“We finished this building the way we would if we lived there ourselves,” says Welton. “We wanted to create an upscale loft-style lifestyle for our buyers, surrounded by a truly wonderful neighbourhood that offers historic charm, easy access to downtown, and a strong sense of community. We think we’ve done just that with the Madison Avenue Lofts.”
Located in a mature Toronto community, the Madison Avenue Lofts are just steps away not only from Casa Loma itself, but from the Dupont subway station and neighbourhood amenities. The building has been designed to complement the area allowing buyers to make themselves at home in the existing neighbourhood.
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“If you buy this condo, you’ll lead a glamorous life just like the hot model on this slick, glossy billboard.”
Most shoppers are smart enough to know that’s not necessarily what they’re signing up for when they drop thousands on a condo.
While many developers continue to use these “heavy on fantasy, light on information” marketing strategies, they’re on their way out, says Matthew Slutsky, condo marketing expert and founder/president of BuzzBuzzHome.com, an online directory of Canadian condo developments.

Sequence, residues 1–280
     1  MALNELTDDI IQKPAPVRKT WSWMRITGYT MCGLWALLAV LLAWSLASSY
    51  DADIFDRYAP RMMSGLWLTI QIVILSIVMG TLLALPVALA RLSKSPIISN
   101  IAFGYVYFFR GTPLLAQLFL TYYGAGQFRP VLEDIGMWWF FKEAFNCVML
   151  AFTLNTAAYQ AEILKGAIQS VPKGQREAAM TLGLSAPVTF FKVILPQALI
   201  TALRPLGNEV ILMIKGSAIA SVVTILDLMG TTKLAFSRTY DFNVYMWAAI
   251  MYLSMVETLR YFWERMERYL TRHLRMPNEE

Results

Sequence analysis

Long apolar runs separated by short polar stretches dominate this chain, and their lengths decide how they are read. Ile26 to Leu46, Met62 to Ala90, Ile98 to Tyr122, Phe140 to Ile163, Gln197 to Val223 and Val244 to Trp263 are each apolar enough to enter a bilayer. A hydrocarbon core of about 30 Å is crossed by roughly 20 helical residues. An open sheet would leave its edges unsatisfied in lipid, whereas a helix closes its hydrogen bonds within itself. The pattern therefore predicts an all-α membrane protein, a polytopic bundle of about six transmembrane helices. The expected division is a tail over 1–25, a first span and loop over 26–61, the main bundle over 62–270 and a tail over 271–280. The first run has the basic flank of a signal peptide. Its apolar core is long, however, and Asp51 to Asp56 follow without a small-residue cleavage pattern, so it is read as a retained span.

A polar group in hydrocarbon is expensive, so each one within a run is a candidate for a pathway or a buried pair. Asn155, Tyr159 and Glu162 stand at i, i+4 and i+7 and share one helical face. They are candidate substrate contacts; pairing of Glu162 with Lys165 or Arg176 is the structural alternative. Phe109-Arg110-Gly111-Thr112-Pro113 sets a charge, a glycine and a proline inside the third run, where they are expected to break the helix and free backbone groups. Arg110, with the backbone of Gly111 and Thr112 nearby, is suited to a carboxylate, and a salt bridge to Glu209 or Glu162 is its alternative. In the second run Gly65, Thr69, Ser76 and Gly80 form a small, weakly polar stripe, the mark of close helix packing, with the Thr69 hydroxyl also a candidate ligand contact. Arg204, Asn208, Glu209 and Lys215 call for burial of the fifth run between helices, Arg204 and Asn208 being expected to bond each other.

“Purchasers aren’t stupid,” he says, speaking of the intended allure of model-esque advertisements and slick showrooms. “Nobody’s going to go to a sales centre without doing their research.”
That research, if done right, will involve brushing up on the kinds of strategies developers use to help sell the condos – and they involve more than just the billboard. They’re not done maliciously to fool the buyer, Mr. Slutsky says. “It’s just marketing.”
Here’s how to see through and interpret sales strategies while you’re shopping for that condo:
Knowledge is power
If a developer isn’t offering any and all information, they’re likely not worth your time or money, says David Allison, president of Vancouver-based Braun/Allison Inc., which does marketing for residential developments.
“You need to demand that information. If you’re going to be putting down your life savings and you don’t have all that information, then you’re not making a smart decision.”
Make sure the developer has an informative website and don’t bend to those who ask you to call them or visit a sales centre for more details. Shoppers could also visit home builders association websites such as the Greater Vancouver Homebuilders Association, which should have information on the developer if they’ve built in the area before, says Carla Bury, director of marketing at Intercorp Inc., a developer in Vancouver.